THE DAY I LET THE BEADS GO

My earliest memory is of something no one told me – as far as I am aware of.

When I started my nursing degree (which I did not finish), I was thrown into male oncology. Imagine a virginal, stupid as anything, 17-year old having to deal with terminally ill men (whose libido had not necessary diminished in relation to their life expectancy).

There was the famous former cricketer, whose throat cancer had eaten away his vocal cords. I talked to him about God, but he dismissed me. I thought I would have another go at it the next day. He had not died during the night, but he was was gasping for air when I got in. He was on oxygen, turning a strange bluish colour.

I ran into Sister Swart’s office, crying. She marched me right back to his bed to deal with his immediate needs. Turned out he did not need it any more.As nurses were dealing with the situation, I noticed a strange orange rubber pillow under the body’s buttocks.

The tears came flooding back, with memories. I’m pretty sure my biological dad had had such a thing under his bum. I could not be sure, though, because I was not even four when he died.

I think that might have strengthened my obsession with ascertaining facts, holding on to information, and – most annoyingly – holding on to things that had emotional memories attached to them.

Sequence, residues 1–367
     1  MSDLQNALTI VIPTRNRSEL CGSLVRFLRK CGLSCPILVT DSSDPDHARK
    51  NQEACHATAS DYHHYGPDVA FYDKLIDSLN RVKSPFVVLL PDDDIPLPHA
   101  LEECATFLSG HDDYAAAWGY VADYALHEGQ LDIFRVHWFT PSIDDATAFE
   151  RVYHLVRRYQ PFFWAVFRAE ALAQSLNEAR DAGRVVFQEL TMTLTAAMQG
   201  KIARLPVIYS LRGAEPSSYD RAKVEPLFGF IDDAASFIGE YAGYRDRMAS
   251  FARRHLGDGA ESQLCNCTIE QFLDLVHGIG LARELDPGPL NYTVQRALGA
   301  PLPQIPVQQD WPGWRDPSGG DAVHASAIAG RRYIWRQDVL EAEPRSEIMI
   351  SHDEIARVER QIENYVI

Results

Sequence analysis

A couple of years ago one of my sisters said that she had finally broken her obsession with counting things. I have yet to get there…

Ancรจ and Dedri have helped me tremendously in dealing with emotional attachment. The one says that I don’t have to decide what happens to the item after I decide I can let it go. The other says that I don’t have to physically possess the item to have the memories.

I’m quite proud of the fact that I had the enlightenment that – if I should forget about an item after I disposed of it – it really does not matter, because, well… I clearly did not remember it any more ๐Ÿ™‚

When I was in London for the first time, the girls bought me a beautiful silk scarf and a handmade necklace. The jewellery was hand made – thin copper links and black beads strung together.

When I was visiting my cousin’s wife recently, a flood of tiny back beads came cascading down my body, disappearing into my deceased cousin’s rocker, under a bureau, and all over the place. I all but crawled on all fours, trying to recover as many of the beads as I could. Even that evening, when I undressed, beads tumbled out. For a moment I frantically tried to recover them, then I had a huge breakthrough.

I could remember the joy I felt when they gave the necklace to me. I could remember the feeling of the beautifully crafted beadwork under my fingers as I touched it when it was around my neck. I could remember my admiration of the craftmanship of the maker. So what if I don’t have it anymore? I still possess it! I still possess the memories of it. And – should I ever forget that – it won’t matter, because, well… I clearly won’t remember it any more ๐Ÿ™‚

About Minette

I am mother of four, wife of one, jane of all trades, master of none.
This entry was posted in Algemeen. Bookmark the permalink.